One in two people worldwide lost income due to Covid-19, survey finds
People in low-income countries are particularly hard hit by job losses or cuts to their working hours
Nairobi — One in two people worldwide experienced a drop in earnings due to the coronavirus, with people in low-income countries particularly hard hit by job losses or cuts to their working hours, research showed on Monday.
US-based polling company Gallup, which surveyed 300,000 people across 117 countries, found that half of those with jobs earned less because of Covid-19 pandemic disruptions. This translated to 1.6-billion adults globally, it said.
“Worldwide, these percentages ranged from a high of 76% in Thailand to a low of 10% in Switzerland,” said researchers.
In Bolivia, Myanmar, Kenya, Uganda, Indonesia, Honduras and Ecuador, more than 70% people polled said they took home less than before global health crisis. In the US, this figure dropped to 34%.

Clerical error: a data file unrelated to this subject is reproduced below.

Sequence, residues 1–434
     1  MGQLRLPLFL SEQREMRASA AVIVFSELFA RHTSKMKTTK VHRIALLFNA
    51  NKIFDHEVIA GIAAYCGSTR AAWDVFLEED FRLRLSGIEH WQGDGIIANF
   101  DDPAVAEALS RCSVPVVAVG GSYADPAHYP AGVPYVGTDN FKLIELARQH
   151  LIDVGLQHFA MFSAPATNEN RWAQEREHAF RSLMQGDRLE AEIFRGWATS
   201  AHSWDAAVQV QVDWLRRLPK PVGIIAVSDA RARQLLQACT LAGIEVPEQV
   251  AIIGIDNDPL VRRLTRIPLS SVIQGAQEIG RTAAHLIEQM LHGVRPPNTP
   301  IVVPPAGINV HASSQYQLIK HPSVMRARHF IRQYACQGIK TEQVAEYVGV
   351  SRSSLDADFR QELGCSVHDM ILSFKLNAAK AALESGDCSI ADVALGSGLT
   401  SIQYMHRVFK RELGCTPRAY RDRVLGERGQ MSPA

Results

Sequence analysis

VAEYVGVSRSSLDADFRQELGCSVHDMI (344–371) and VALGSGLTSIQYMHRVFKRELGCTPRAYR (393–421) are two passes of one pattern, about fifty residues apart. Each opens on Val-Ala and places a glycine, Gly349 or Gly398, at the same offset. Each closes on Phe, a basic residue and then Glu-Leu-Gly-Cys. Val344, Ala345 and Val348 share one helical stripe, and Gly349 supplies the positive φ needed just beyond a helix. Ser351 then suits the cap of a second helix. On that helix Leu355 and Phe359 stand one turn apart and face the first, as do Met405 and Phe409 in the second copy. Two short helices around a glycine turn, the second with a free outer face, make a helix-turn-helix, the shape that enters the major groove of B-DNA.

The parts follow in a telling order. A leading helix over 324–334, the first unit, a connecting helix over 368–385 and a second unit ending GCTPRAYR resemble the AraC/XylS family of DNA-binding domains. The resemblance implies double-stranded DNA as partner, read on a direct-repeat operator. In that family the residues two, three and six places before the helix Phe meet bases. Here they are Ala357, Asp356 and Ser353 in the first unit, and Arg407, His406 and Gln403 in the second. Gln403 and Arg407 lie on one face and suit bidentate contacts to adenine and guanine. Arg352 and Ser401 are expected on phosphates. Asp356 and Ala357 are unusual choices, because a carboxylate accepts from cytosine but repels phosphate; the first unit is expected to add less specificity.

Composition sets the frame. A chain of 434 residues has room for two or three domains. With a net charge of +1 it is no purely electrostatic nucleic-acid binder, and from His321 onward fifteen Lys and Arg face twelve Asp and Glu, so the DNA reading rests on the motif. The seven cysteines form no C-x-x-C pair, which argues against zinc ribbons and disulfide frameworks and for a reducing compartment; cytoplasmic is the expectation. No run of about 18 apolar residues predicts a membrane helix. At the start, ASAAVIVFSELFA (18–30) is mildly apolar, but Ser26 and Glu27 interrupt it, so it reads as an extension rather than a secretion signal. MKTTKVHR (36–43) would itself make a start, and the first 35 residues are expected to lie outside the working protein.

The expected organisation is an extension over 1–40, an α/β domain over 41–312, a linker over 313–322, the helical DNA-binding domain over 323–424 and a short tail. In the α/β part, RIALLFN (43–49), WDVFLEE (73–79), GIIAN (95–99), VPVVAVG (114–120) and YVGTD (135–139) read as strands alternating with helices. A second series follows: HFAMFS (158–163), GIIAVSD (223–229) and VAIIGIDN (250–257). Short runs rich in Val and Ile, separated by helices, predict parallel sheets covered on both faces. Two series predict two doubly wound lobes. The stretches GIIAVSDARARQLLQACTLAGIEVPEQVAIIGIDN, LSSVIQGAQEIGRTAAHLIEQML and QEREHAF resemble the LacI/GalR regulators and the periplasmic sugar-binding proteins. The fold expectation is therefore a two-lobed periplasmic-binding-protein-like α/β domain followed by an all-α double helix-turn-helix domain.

The Covid-19 crisis has hit workers worldwide, particularly women, who are overrepresented in low-paid precarious sectors such as retail, tourism and food services.
A study by the international charity Oxfam released on Thursday reads the pandemic has cost women worldwide $800bn in lost income.
The Gallup poll found that more than half of those surveyed said they temporarily stopped working at their job or business — translating to about 1.7-billion adults globally.
In 57 countries — including India, Zimbabwe, the Philippines, Kenya, Bangladesh and El Salvador — more than 65% of respondents said they stopped working for a time.
Countries where people were least likely to say they stopped working were predominantly developed, high-income countries.
Fewer than one in 10 of those who had jobs in Austria, Switzerland and Germany said they had stopped working temporarily. In the US, the figure was 39%, research showed.
The poll also showed that one in three people surveyed lost their job or business due to the pandemic — translating into just more than 1-billion people globally.
These figures also varied across nations, with lower-income countries such as the Philippines, Kenya and Zimbabwe showing more than 60% of respondents lost their jobs or businesses, compared with 3% in Switzerland and 13% in the US.
Thomson Reuters Foundation
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